A lesson learned: why I don’t grow lilies in the ground
I adore lilies of many kinds: true lilies, Day lilies, Peruvian lilies, anything lily-esque, in fact, and I’m grateful to be in a place where I can grow them all reasonably successfully.
But whilst I’ve always been happy to sling most kinds out into the borders to take their chance – especially Day lilies, which are as tough as old boots! – I’ve never felt inclined to do that with true lilies, ie. Lilium species, and have always chosen to grow them in pots.
This is for two main reasons.
Firstly, keeping them in containers allows for precise control of the growing media, which needs to be moist but relatively free-draining. My garden soil, despite improvement over the years, tends to waterlog in winter and dry out too easily in summer, so my assumption has always been that it would not provide reliably favourable conditions for lily cultivation.
Secondly, growing in containers enables me to keep a much closer watch on pests, mainly slugs, snails and lily beetles, all of which are a massive nuisance in most years. Being able to lift and turn the pots means that I can inspect them from all angles, which would be extremely awkward if they were planted in the ground. Also, I am prepared to use slug pellets in containers since the victims do not travel far and I can dispose of them without hedgehogs, birds etc. coming into contact with them, which means that I can effectively protect the succulent new shoots of lilies at their most vulnerable time. I prefer not to use metaldehyde pellets on the ground, so anything planted in the borders has to survive without that protection, and I’ve always assumed lilies would struggle with that.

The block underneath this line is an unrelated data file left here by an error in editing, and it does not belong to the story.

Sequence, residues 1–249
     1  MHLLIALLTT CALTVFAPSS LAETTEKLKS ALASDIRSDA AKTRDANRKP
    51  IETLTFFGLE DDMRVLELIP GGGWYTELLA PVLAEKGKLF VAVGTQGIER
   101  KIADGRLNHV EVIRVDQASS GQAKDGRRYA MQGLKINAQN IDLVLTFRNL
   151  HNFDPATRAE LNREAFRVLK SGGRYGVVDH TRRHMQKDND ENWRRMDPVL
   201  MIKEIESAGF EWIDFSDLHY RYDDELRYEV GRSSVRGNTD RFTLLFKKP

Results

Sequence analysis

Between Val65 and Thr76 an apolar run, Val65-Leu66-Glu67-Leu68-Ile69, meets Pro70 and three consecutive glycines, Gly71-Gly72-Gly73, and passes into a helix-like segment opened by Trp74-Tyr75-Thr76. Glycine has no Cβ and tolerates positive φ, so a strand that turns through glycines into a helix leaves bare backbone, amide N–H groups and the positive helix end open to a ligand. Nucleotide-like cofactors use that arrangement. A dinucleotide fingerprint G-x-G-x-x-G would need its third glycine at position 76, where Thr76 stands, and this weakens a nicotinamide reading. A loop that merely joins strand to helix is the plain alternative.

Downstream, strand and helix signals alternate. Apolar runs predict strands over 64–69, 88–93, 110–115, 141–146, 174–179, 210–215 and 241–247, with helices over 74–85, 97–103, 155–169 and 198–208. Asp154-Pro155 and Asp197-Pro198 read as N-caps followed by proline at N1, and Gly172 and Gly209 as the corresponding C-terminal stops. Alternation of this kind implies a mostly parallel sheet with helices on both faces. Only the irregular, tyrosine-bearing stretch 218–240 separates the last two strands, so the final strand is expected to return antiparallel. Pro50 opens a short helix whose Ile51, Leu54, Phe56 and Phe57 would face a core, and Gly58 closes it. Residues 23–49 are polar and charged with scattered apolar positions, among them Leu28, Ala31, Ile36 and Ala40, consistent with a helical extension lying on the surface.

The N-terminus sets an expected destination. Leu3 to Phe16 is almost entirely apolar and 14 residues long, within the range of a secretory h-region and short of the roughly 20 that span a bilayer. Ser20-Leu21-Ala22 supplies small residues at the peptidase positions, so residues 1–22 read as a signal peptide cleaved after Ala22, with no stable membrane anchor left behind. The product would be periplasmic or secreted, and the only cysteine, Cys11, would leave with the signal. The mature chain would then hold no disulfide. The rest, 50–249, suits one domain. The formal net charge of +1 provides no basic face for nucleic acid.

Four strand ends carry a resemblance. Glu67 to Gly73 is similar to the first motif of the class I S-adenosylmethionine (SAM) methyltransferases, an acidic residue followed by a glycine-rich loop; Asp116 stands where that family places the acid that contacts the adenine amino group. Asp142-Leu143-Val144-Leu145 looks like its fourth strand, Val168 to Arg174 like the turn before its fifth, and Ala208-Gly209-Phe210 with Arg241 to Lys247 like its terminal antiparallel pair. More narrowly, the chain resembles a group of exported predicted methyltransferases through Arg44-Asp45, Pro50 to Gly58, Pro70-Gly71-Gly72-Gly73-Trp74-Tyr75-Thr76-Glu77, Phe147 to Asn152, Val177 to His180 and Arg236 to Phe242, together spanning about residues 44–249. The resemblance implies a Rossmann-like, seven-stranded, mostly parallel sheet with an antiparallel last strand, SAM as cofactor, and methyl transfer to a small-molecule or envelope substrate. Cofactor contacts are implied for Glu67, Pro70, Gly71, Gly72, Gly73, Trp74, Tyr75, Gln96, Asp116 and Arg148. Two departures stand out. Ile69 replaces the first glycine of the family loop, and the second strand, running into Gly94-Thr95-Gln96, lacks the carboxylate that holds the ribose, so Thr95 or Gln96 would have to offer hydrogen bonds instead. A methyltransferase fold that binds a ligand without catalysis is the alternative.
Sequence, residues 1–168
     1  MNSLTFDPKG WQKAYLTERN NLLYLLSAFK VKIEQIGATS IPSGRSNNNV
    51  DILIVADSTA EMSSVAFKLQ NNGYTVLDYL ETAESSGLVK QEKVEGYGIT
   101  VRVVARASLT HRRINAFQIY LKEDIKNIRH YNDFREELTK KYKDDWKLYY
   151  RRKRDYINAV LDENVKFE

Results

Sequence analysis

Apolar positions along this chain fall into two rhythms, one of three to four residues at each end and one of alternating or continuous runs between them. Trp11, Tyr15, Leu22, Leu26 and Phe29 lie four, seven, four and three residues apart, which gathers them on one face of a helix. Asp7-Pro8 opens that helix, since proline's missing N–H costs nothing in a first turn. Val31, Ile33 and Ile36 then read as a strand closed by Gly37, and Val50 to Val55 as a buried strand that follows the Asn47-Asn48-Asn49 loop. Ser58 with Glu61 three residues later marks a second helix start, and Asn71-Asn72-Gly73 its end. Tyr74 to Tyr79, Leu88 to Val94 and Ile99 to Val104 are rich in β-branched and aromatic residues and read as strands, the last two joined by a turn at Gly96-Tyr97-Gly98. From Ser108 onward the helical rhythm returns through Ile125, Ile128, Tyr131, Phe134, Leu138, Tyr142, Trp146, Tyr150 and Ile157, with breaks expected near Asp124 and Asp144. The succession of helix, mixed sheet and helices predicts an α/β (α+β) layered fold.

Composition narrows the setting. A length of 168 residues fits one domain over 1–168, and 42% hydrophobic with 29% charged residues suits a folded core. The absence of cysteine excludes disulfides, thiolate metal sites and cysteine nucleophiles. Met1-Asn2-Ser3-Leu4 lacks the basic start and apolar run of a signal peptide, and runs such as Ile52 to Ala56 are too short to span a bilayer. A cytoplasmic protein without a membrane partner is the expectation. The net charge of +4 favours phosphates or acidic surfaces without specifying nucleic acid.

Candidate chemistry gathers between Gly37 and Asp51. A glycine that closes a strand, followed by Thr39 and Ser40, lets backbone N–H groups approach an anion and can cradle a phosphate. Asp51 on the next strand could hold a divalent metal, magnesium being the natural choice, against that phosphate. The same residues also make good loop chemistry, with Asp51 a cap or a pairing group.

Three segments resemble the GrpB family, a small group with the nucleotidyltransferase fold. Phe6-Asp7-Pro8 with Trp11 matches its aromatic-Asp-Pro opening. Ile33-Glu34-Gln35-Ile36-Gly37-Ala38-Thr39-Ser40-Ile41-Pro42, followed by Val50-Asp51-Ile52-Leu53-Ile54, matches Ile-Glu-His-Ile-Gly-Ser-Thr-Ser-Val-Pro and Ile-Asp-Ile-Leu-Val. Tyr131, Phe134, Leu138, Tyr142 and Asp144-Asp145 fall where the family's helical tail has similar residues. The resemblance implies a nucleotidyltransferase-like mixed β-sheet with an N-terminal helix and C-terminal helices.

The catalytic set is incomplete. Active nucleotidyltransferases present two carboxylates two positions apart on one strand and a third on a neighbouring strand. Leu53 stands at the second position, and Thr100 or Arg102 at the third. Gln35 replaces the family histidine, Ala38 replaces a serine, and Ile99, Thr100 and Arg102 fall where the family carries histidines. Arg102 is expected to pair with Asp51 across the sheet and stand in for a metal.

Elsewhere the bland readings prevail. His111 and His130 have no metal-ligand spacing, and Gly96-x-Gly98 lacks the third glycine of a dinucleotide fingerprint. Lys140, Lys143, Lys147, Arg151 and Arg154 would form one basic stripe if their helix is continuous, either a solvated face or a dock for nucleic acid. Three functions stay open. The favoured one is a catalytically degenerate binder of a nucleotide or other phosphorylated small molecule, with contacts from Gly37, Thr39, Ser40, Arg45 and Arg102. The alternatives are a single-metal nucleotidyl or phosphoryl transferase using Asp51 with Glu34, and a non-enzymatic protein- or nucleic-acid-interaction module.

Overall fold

But this spring, having some spare lily bulbs to hand, I decided to try a little experiment.
The previous summer I foolishly purchased 10 lily bulbs (from a shopping channel, as it happens) which had supposedly been held back so that when planted, would flower in October/November time and provide a most unusual and unseasonal display.
Of course, they did nothing of the sort, and not one flower deigned to appear before the first frost in November cut them down, so I then had to decide what to do with them – they would likely flower at the normal time in the next year (June/July), so they were definitely worth keeping.
Having weighed up my options for a while, I chose to re-plant 5 in a large pot and put the other 5 out into the ground to see how they would do.
I duly prepared the soil by digging in compost and manure, along with a handful of granular feed for good measure, planted the bulbs at twice their depth, and crossed my fingers.
Both sets were delayed by the low temperatures we experienced in the early part of the season, but eventually they got going, and initially there was little difference between them.
However, as soon as the slugs and snails began to be active, it became apparent that emerging lily stems are every bit as appealing to them as I thought they would be. Those in the pot, which I pelleted, remained unharmed, but I quickly lost 4 out of the 5 in the ground, eaten to nothing more or less overnight. Whether they have completely given up the ghost or will try to re-grow next year, I don’t know – I might have a dig around and see if there’s anything left that I can salvage.
As for the survivor, even though it has grown, it doesn’t look at all healthy:
It is small, and the yellowing of the leaves suggests a deficiency to me, possibly iron. My soil is mildly alkaline, and this might be a more acid-loving species – I don’t actually know which one it is, unfortunately.
The lack of vitality is especially obvious when compared to the pampered pot-grown specimens:
No contest, really. The plants are much taller, the foliage is a rich green and the flowerbuds are much larger and fatter.
So it would appear that in my garden, lilies in pots are definitely the way to go if I want to avoid massive losses and produce healthy plants, which, of course, I do!
A lesson learned, indeed.